Though, the Minnesota State Fire Code and the Minnesota Statutes allow for outdoor fire pits, you must follow the established guidelines for your fire pit to be legal in Minnesota as enforced by city officers and the Department of Natural Resources (DNR). These regulations are in place to protect both the community and the household maintaining the fire pit.

Fire Pit Location: No closer than 25 feet from any combustible materials, including buildings, wood structures, debris, log piles, trees or fences. If your fire is contained within a portable barbecue, this restriction does not apply.
Fire Size: Fires must be no larger than 2 feet high by 3 feet in diameter and contained inside a fire ring, fire pit or portable barbecue pit.
Fire Watch: Never leave your fire unattended. All fires must be extinguished by midnight and cannot give off any offensive odors or oppressive smoke that interferes with neighbors. In the event of a fire ban, NO fires may be built. When winds reach stronger than 15 miles an hour, fires are NOT allowed.
Starting and Extinguishing your Fire Safely: Fires must be started with a lighter or matches. The use of gas, lighter fluid, debris, or trash is not permitted. Chopped wood or untreated building wood may be used but all large pieces must be cut down to fire sizing specifications. Do not dispose of trash, debris, grass, treated or painted wood, chemicals, solvents, or similar materials in your fire pit as these present unique and uncontrollable fire hazards. All fires must be extinguished by a fire extinguisher or water, or by smothering it with dirt. It is highly recommended that you soak the area or shovel fire debris into a metal container of water for 24 hours to ensure it is safely out.

According to the Department of Natural Resources (DNR) Minnesota has about 1,400 wildfires annually. People are overwhelmingly the the cause of over 98% of these wildfires, many of them as a result of improperly tended campfires.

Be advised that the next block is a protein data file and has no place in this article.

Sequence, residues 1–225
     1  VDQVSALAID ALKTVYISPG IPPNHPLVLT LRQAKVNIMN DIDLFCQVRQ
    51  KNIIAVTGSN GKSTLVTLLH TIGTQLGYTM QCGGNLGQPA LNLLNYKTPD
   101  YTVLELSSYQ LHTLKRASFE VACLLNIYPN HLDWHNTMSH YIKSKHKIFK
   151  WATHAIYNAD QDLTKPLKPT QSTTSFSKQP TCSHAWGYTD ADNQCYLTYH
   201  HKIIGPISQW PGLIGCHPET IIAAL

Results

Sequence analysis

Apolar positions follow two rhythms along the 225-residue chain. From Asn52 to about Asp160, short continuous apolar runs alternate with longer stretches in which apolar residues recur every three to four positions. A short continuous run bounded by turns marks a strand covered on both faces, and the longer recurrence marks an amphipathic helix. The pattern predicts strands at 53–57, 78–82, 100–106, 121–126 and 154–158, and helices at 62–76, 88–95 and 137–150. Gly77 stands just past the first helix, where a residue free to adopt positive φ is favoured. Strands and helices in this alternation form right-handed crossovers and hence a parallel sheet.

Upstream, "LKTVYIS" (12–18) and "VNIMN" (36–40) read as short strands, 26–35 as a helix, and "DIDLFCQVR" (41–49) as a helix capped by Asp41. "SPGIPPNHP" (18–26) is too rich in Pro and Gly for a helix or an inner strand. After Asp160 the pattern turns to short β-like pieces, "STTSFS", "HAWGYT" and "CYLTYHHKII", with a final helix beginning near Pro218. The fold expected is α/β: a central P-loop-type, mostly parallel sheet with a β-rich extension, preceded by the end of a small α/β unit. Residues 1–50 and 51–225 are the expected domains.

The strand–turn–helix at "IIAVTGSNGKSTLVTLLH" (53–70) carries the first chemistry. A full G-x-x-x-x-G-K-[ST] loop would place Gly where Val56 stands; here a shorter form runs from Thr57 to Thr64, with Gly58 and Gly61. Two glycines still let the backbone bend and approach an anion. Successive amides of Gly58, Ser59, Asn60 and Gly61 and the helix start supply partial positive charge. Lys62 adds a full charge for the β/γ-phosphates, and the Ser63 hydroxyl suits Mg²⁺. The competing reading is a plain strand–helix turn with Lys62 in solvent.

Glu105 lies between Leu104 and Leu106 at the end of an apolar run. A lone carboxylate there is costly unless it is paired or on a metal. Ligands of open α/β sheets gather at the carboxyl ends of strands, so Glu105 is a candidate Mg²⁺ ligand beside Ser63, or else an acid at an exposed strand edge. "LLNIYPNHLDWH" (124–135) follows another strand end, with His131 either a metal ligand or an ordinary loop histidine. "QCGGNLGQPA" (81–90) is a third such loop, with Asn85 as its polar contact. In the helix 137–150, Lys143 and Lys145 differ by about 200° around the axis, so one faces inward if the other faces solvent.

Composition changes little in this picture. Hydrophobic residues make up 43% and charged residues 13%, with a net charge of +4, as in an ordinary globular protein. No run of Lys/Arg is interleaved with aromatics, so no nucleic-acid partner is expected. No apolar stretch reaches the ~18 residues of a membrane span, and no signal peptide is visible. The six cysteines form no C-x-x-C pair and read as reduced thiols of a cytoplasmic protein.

Follow the tips below to an enjoy a safe and fun time roasting marshmallows and telling ghost stories around the campfire this summer:

Always set-up your flame retardant tents far (15 to 25 feet) from the campfire, making sure your fire is downwind from your tent. Never set-up a fire in or near your tent or enclosed sleeping area.
Clear all vegetation, digging your pit and surrounding it with rocks to create a fire barrier before building a campfire.
Store liquid fire starter away from your tent and campfire, using only dry kindling to freshen the fire.
Never leave your fire unattended.
When retiring for the evening or leaving the campsite, be sure to properly extinguish your campfire by covering it with dirt or soaking it with water and checking make sure your fire is fully extinguished.

For more in-depth information on building, maintaining and extinguishing a campfire safely, visit the sites below:

Smokey Bear
Safety Tips For Campfires
By following these summer safety guidelines, you and your loved ones can make the most of all that summer has to offer.